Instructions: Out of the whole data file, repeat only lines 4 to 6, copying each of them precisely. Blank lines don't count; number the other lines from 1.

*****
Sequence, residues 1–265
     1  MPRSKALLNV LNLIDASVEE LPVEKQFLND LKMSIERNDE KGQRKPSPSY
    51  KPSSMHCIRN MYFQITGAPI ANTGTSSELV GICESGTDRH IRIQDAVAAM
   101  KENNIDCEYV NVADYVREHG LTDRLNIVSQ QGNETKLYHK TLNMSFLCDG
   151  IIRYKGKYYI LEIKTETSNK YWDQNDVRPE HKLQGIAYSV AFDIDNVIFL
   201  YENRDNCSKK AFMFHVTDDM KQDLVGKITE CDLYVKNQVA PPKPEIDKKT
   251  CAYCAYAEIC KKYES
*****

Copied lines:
   101  KENNIDCEYV NVADYVREHG LTDRLNIVSQ QGNETKLYHK TLNMSFLCDG
   151  IIRYKGKYYI LEIKTETSNK YWDQNDVRPE HKLQGIAYSV AFDIDNVIFL
   201  YENRDNCSKK AFMFHVTDDM KQDLVGKITE CDLYVKNQVA PPKPEIDKKT